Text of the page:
Those of us who have been around for a while (which is a polite way of saying “those of us who are old”) have learned that the most important skill state and federal politicians possess is the ability to talk. They talk to convince us to elect them, they talk to convince their peers that a bill they are proposing is good, they talk to convince us that the laws they vote for are in our best interest (even when they aren’t), they talk to convince supporters to contribute to their campaigns, and they talk to get re-elected. When it serves them well, many have even perfected the art of saying one thing to one group of people and something completely different to a group with different interests.
A perfect example of this doublespeak is when state politicians publicly express outrage at the fiscal and academic fraud that has been uncovered in charter schools that are owned by private companies, then they willingly accept large campaign donations from the very people who own those charter schools. Most of us would find that hypocritical, but that’s just normal business in the political world.
There’s nothing wrong with talking. After all, we all do it. But, there IS something wrong with people representing fiction as fact and performing their jobs based on philosophies that make no sense, especially when their decisions impact our lives. Politicians do both of these things all the time.
Because they say so many words about so many things in so many different scenarios, it is extremely difficult to hold them accountable for everything they say. It’s equally difficult to determine if their actions match their words, because, frankly, monitoring them is a full time job. But, it can be done, and every one of us should pay much better attention to what is said and done by the political establishment and hold them accountable for both their words and their actions. It is the only way we will ever make the “alternative facts” mentality that dominates the political scene to stop.
Admittedly, most of the political conversations that occur at the state and federal level are little more than partisan gibberish, but there rare occasions when politicians slip up and say what they really believe, especially when they are forced to speak in something other than sound bites. They’re really good at sticking to a prepared script or echoing their party line; they’re not so good at talking about subjects with any degree of substance. They are most susceptible when they are asked pointed questions that require a degree of depth in their answer. It is what they say during these times of stress that provides a window into what they really believe.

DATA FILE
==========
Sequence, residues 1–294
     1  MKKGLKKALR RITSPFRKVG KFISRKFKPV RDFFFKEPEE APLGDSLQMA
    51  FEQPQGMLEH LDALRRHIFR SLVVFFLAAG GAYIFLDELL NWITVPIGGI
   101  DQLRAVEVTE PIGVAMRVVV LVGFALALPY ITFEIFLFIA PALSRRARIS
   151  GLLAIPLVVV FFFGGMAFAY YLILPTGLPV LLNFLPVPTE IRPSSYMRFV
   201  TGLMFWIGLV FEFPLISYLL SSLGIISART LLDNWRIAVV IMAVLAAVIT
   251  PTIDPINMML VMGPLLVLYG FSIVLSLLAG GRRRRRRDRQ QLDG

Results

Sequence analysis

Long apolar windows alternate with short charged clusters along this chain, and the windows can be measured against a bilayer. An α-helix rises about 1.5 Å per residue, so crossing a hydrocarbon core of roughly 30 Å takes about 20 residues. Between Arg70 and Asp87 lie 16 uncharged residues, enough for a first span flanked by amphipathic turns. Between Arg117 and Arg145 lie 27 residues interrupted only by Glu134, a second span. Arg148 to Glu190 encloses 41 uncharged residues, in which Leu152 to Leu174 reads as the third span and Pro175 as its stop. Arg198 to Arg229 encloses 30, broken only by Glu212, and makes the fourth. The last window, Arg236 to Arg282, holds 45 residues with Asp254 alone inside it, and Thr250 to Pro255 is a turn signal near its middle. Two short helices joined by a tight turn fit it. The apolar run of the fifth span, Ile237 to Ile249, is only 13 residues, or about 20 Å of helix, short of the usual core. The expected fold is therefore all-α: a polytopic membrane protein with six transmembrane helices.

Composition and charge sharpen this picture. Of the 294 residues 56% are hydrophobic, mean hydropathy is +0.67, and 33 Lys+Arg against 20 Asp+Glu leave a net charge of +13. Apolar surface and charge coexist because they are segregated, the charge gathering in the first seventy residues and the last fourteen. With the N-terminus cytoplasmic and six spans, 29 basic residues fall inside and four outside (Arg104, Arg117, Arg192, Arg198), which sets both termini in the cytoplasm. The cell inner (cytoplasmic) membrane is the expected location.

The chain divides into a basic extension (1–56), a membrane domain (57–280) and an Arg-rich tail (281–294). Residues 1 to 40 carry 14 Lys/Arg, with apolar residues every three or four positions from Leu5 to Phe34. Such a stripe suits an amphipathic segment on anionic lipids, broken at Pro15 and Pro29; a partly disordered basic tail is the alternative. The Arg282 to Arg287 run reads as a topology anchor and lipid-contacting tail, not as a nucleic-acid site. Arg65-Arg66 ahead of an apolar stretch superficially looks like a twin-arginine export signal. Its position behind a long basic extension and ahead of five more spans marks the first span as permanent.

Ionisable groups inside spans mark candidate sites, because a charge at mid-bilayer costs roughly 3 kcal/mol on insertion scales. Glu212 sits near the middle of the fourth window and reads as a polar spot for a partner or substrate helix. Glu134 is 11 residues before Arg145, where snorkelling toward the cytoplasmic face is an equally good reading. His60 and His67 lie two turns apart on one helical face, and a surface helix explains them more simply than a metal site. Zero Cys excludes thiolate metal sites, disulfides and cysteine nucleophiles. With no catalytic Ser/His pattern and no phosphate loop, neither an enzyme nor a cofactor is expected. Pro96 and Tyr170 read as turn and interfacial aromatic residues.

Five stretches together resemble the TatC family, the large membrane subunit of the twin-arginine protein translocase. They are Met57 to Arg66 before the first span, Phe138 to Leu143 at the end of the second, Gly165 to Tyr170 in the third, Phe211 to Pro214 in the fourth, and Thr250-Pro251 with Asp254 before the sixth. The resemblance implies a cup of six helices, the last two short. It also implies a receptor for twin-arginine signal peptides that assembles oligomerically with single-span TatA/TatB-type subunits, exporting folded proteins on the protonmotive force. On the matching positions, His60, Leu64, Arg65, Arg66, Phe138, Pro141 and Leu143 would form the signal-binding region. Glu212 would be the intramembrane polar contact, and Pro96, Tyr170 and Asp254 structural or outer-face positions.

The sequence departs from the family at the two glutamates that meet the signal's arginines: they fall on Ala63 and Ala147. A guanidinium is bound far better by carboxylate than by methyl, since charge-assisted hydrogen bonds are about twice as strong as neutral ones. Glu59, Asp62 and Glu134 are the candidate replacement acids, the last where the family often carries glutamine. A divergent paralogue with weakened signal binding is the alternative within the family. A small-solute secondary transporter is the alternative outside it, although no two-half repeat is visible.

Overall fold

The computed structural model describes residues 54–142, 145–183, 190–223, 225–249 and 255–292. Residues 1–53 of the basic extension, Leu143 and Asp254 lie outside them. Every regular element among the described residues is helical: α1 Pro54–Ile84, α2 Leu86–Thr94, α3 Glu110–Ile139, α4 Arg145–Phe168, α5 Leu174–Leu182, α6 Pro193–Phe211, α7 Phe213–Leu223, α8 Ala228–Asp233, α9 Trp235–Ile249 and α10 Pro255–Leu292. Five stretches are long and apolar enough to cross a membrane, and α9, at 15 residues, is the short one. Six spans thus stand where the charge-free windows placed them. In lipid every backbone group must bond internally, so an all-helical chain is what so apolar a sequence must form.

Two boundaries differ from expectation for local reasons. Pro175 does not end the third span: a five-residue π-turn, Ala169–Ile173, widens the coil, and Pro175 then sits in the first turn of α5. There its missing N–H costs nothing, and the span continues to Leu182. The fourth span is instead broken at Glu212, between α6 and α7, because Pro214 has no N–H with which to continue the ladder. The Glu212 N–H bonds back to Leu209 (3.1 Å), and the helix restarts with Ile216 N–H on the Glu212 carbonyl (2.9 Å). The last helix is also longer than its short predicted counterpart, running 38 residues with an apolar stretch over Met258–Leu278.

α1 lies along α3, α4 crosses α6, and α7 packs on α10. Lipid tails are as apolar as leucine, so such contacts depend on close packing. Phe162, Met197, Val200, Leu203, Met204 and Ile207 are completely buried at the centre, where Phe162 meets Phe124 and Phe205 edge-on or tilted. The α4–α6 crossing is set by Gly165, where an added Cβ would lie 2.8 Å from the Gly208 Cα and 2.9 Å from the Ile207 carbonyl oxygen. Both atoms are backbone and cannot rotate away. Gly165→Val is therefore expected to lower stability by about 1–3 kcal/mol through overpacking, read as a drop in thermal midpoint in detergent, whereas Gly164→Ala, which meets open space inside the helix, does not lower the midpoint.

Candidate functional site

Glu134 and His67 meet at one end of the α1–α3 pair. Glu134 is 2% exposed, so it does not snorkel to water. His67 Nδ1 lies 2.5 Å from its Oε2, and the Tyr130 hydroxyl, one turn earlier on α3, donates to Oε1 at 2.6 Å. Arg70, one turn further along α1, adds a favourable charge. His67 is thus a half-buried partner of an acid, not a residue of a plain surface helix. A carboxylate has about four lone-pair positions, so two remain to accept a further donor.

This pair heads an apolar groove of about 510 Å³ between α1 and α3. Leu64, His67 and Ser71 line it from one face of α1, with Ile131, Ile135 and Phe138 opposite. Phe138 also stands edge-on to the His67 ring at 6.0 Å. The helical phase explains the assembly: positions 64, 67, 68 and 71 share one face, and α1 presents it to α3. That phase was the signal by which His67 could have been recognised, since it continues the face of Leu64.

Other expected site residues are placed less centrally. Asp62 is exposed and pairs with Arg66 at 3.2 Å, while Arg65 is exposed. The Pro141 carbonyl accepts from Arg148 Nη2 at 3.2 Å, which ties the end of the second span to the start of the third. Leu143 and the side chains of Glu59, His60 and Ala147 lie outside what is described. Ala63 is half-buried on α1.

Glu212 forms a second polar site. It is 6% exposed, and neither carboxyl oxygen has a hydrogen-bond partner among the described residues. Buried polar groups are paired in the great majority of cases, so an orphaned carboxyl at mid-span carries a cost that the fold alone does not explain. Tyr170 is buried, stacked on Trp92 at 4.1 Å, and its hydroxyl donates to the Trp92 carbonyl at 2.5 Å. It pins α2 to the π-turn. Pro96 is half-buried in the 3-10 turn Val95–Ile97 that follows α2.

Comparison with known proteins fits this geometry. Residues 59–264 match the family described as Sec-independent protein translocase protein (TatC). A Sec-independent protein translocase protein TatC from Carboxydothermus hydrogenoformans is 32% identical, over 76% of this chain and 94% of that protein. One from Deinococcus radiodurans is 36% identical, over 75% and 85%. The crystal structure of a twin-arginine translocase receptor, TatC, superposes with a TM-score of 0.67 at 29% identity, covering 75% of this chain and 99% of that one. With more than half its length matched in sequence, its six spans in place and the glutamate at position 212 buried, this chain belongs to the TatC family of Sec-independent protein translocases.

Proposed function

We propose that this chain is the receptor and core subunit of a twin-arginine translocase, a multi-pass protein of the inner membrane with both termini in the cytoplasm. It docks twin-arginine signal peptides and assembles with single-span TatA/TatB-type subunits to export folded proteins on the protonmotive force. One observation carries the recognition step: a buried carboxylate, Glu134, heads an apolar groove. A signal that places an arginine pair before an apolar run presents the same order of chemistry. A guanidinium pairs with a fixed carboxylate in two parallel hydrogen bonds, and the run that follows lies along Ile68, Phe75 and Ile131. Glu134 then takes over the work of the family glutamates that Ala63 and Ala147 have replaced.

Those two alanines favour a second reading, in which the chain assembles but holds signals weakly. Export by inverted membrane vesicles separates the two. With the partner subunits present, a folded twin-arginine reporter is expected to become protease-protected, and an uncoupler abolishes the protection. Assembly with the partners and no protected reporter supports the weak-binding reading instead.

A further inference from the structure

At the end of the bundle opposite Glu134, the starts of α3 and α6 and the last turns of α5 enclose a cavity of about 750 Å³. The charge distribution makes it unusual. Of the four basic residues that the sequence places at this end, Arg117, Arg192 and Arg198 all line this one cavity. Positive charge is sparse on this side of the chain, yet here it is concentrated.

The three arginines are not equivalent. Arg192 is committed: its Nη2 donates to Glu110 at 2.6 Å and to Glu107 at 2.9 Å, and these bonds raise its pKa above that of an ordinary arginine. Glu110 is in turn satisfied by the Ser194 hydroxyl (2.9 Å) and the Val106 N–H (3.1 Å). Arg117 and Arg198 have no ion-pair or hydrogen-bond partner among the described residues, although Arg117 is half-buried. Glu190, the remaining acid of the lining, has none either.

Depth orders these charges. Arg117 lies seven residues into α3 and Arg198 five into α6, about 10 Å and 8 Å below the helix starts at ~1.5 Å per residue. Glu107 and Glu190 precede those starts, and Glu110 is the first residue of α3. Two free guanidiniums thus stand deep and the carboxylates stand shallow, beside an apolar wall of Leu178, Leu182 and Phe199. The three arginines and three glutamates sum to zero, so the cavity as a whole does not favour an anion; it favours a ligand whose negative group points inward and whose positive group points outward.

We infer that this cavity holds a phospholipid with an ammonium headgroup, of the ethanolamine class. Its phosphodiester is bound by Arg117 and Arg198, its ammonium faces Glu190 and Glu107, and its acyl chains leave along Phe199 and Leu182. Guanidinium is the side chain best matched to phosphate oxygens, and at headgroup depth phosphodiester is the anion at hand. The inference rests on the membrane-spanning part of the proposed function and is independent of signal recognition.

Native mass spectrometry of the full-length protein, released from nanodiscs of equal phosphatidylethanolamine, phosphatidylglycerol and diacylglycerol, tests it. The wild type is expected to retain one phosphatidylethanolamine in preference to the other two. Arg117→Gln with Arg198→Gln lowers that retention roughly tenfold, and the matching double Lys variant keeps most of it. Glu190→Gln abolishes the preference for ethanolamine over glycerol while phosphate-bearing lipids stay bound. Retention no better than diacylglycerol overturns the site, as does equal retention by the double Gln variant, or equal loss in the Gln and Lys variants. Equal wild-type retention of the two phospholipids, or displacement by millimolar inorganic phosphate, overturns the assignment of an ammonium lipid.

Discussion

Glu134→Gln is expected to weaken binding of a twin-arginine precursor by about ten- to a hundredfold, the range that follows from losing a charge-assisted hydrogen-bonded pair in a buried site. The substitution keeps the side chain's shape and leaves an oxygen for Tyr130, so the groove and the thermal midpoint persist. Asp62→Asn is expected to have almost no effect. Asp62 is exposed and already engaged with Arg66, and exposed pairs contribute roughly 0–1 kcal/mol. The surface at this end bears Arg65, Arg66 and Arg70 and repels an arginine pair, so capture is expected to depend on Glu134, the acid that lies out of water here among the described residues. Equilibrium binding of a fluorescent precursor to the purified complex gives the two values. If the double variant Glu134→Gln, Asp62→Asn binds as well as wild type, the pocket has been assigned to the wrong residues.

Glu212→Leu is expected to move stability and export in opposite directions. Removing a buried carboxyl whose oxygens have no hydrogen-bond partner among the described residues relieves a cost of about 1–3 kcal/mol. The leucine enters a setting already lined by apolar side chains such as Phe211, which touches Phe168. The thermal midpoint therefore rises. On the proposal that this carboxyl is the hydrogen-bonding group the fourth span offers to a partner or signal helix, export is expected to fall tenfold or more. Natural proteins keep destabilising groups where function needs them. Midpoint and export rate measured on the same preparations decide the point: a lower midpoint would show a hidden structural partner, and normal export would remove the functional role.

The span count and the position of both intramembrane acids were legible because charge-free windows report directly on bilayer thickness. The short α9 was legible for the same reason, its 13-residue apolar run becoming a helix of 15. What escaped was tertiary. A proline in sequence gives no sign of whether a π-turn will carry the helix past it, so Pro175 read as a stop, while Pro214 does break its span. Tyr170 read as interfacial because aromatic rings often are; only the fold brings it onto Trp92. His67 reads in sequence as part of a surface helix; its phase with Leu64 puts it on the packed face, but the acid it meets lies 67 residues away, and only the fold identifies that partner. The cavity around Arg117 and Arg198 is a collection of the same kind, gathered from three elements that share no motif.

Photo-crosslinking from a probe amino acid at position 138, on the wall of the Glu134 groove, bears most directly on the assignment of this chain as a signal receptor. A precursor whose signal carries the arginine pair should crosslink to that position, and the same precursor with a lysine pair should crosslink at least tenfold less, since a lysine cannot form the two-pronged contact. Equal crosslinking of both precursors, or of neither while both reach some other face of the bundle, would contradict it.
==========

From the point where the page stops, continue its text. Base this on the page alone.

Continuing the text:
According to a recent legislative update, just such an occasion recently occurred when State Budget Director Tim Keen testified about his and Governor Kasich’s proposed budget in front of the Ohio Senate’s Finance Primary and Secondary Education Subcommittee. His testimony was, for the most part, standard political mumbo jumbo where he used a lot of words to say nothing, but he made two comments that were particularly alarming when considering they came from the man entrusted to create the budget for the state of Ohio, a budget that impacts every one of our lives.
His comments were in response to two separate questions he was asked about school funding. His first statement was, “It shouldn’t be the state’s responsibility to step in and subsidize costs that schools are obligated under federal and state law to cover.”
Think about that statement for a moment. The man who has been handed the keys to creating a state budget believes that politicians should tell us what to do, but then be allowed to wash their hands of paying for it. How convenient is it to be able to tell other people what to do, then place the responsibility of paying for it on their shoulders?
It is impossible to count the number of ridiculous laws Ohio’s legislators have passed about education; laws that have cost taxpayers Hundreds of millions of dollars with absolutely no return on the investment; and the state budget director finds it perfectly acceptable to think that it’s not the state’s responsibility to “subsidize” them? Funding the expectations you place on others isn’t “subsidizing” them, it is taking responsibility for your decisions, which exactly what he and his political buddies should be doing. But, he’s okay with saddling local taxpayers with the cost of state and federal decisions. Every taxpayer in America should reject that philosophy.
His second indefensible comment was in reference to the state’s method of funding charter schools. When asked why charter schools aren’t funded directly by the state instead of by deducting the dollars they receive from local schools’ budgets, which results in local tax dollars going into the pockets of private business owners regardless of where they sit, he responded that he didn’t agree with that assessment. He doesn’t agree with that assessment? That’s not an assessment. It’s a fact that every competent school district treasurer can prove. For the budget director of this state to act as if local tax dollars don’t fund privately run charter schools shows either incredible dishonesty on his part or blatant ignorance of the school funding process. Neither is acceptable from a man who is handed so much power.
Now, these two incredible and indefensible comments were hidden among many other statements Director Keen made during his marathon discussion of the state budget, so one had to be paying close attention to realize that he uttered them, but nothing he said was more important or revealing than these two answers and nothing should be more unacceptable to every Ohio taxpayer.
Tom Dunn is the superintendent of the Miami County Educational Service Center.
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